advances in related fields of inquiry and activity together amount to what could become a paradigm shift. One way of putting this is that instead of being concerned primarily with what we think about the world and how we act on this we may increasingly be concerned with how we think about the world.
By ‘what we think’ I mean conscious thought expressed through the always and ever present ‘voice’ in our heads, and though intentional verbal and written communication. By ‘how we think’ I mean the ways in which the unconscious processes of our brains condition our thoughts and behaviours.
Certainly it does seem that a lot of interesting stuff in the future is going to be based a lot more on an understanding of how we actually think, make decisions etc, rather than assumptions about our behaviour (ie that we will respond rationally to incentives).
Personally speaking, the George Lakoff stuff I've read lately has had a big influence on me. To be honest I find his attempts to apply some of his insights to politics far less interesting than the original theories themselves, which really do reveal a lot about how our minds work. If you accept the idea that our ways of thinking about the world are not abstract and machine-like systems but rather are deeply rooted in our human experiences (including basic experiences like movement) it does put a rather different perspective on things. It also suggests answers to why so many of our ideas don't work, and so many of our predictions are wide of the target. Often I think we simply don't properly grasp what we are dealing with.
Then you've got the rise of behavioural economics, seeking to apply insights from psychology and sociology to economic decisions. I find this stuff really interesting since it has had a bit of an influence already in two areas I've been involved in - pension reform and institutional investment (though the book that first got me interested was probably the Paradox of Choice). It helps explain why when we make economic decisions we don't act like the rational creatures we have been presumed to be. Very small influences, intended or not, can have a significant impact on our actions (for example, the way a game is named can change the way we play it).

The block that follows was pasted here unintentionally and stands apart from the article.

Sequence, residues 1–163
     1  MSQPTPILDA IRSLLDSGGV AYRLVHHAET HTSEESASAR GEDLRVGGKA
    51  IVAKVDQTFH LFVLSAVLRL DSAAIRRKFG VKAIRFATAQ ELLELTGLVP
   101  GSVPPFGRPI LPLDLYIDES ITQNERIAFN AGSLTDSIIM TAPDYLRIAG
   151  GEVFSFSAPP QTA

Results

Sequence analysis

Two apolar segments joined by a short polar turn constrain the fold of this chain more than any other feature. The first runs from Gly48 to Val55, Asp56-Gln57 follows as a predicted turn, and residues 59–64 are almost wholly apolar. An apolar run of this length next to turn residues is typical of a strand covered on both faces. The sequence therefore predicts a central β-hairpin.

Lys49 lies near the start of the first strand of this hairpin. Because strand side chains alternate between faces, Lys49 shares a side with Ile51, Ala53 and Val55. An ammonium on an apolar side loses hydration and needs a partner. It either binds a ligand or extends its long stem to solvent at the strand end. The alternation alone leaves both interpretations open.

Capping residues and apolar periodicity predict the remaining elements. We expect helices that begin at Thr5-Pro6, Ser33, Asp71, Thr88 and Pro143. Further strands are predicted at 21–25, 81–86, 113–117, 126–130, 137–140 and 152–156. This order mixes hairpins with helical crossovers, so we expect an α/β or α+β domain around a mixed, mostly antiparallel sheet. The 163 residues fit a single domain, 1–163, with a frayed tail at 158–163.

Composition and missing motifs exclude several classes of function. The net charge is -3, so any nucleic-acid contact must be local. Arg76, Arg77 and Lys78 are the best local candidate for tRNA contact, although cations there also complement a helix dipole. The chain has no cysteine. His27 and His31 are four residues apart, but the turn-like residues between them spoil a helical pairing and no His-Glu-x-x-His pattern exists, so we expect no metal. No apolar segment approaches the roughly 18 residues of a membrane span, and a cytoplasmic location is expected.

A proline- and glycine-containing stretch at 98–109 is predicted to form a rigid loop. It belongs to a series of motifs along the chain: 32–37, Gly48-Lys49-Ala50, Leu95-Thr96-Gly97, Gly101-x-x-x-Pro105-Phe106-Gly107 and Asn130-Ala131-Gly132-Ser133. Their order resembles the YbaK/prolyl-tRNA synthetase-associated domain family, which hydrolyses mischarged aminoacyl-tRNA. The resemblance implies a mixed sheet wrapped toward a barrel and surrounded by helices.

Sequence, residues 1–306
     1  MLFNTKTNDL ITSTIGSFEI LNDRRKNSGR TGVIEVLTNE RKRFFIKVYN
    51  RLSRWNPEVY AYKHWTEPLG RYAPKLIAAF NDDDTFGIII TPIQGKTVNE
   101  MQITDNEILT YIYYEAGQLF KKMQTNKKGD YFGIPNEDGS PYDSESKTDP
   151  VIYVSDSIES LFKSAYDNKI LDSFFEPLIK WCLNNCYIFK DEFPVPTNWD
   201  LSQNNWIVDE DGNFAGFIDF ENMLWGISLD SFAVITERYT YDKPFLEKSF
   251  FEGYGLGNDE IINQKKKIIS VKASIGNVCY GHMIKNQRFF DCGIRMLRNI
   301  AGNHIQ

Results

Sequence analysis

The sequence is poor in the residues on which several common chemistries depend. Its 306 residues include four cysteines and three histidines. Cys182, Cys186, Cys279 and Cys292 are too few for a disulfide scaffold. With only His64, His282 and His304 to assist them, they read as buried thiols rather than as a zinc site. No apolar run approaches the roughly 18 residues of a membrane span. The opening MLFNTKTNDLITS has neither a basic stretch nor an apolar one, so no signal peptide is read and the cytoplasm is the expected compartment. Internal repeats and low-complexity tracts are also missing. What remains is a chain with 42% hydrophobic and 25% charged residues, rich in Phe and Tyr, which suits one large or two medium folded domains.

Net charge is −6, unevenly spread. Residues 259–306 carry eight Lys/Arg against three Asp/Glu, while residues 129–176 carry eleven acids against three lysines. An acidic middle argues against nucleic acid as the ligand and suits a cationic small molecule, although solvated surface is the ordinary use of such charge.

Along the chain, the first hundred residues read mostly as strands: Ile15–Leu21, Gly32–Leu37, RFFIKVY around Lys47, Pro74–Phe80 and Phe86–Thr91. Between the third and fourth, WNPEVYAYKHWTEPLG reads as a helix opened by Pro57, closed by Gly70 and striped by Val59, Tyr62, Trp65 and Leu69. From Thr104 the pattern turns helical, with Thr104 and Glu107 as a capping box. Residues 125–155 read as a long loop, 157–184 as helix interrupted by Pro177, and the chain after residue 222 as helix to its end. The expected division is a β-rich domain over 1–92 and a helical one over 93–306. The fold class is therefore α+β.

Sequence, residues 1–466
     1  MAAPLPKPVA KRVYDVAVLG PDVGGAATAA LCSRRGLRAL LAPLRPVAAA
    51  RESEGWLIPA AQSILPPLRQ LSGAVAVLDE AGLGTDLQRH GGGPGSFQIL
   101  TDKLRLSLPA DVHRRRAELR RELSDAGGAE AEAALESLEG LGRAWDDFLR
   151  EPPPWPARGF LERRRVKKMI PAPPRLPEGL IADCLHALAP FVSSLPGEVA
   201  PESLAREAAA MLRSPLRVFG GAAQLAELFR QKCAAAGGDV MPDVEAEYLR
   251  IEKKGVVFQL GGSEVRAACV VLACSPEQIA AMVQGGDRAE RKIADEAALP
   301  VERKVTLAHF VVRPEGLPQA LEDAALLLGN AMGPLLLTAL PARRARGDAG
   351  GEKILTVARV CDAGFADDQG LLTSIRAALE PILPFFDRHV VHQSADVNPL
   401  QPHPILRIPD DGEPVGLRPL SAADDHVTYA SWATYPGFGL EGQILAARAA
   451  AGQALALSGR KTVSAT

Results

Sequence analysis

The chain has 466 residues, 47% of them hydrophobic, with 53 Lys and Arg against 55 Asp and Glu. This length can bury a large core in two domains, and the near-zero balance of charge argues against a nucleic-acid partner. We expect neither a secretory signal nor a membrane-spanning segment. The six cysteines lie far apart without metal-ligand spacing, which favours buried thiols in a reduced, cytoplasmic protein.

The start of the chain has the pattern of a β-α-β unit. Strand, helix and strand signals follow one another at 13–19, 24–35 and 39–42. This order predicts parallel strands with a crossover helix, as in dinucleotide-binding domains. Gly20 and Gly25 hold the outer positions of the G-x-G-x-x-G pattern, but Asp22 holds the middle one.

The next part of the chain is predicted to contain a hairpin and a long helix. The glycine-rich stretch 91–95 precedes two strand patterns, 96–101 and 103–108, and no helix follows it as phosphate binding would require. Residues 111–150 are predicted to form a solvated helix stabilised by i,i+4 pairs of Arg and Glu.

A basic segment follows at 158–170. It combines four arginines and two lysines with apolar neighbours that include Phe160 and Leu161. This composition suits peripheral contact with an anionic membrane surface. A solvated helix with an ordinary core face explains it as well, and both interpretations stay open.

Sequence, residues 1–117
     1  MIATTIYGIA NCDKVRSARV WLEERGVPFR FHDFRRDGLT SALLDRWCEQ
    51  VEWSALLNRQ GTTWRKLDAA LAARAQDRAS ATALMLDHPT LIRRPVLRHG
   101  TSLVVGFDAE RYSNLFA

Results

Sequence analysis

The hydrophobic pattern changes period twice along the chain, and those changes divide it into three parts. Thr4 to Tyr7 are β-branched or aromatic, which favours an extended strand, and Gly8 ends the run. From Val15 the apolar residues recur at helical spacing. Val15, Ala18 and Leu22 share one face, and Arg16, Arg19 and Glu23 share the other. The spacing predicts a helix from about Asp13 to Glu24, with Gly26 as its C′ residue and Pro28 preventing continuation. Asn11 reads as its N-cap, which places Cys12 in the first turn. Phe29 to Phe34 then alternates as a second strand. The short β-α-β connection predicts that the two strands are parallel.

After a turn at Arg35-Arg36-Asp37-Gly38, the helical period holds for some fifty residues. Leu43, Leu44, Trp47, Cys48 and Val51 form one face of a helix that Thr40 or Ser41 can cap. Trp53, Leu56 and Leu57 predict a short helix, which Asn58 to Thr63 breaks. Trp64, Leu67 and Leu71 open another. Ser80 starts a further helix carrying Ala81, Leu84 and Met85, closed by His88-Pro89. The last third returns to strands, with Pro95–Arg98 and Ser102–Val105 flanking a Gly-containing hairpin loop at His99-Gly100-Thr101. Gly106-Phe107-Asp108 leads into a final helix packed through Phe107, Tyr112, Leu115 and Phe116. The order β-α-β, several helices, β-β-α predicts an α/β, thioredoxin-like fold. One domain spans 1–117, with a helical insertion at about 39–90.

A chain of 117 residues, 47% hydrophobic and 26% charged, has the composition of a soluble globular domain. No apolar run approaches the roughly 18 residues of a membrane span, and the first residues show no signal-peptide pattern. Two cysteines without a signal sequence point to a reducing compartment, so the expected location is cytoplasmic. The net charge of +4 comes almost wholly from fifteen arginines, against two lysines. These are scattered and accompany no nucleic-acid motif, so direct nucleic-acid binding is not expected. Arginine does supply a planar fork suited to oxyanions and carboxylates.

My one reservation is that to date a lot of these developments have been better at highlighting how we get things a bit wrong, and make mistakes, rather than helping identify how we might do things better (though perhaps books like Nudge are starting to address that). But in general I think that Matthew Taylor might be right to argue that there is fairly significant shift taking place.
I think the Tories have been quite canny to talk about these kinds of ideas, though I'm still sceptical about the extent to which they will really apply them, as the recent food-labelling decision highlights. In addition I think that some of findings from these new areas of research pose some pretty big challenges for the typical right-of-centre view of the world. It continues to baffle me therefore why the Left doesn't take more of an interest and even champion some of these ideas.